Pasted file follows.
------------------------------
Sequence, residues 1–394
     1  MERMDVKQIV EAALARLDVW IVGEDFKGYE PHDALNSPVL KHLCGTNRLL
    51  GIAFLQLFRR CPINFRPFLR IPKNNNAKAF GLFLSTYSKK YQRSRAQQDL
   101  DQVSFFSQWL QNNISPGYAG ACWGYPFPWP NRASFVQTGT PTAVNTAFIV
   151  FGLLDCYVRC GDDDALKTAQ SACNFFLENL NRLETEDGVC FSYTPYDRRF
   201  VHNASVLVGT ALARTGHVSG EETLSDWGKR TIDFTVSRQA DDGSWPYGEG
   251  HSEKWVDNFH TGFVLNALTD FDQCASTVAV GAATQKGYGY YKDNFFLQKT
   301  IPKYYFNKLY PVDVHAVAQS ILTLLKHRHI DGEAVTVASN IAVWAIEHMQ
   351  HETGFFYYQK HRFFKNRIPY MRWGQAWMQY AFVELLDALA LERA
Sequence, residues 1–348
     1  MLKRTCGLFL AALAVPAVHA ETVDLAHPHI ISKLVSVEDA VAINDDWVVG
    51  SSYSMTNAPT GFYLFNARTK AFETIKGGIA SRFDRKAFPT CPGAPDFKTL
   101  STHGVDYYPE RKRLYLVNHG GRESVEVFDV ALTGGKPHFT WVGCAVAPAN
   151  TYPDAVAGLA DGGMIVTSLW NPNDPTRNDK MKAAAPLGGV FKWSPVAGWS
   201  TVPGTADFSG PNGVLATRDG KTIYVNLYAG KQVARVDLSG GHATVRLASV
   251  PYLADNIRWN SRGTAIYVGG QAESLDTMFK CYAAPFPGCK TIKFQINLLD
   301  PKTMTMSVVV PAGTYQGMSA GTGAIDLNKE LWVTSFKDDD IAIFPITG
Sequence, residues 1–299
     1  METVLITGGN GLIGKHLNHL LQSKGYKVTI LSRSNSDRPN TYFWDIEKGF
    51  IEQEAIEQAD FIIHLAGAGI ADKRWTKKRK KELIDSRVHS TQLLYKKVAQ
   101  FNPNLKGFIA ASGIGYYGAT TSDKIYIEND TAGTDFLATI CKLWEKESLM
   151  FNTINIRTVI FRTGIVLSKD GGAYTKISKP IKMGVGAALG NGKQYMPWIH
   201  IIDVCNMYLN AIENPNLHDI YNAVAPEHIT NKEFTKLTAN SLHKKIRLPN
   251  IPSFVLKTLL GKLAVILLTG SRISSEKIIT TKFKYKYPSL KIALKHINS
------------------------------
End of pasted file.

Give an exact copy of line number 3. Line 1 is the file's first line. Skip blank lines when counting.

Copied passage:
    51  GIAFLQLFRR CPINFRPFLR IPKNNNAKAF GLFLSTYSKK YQRSRAQQDL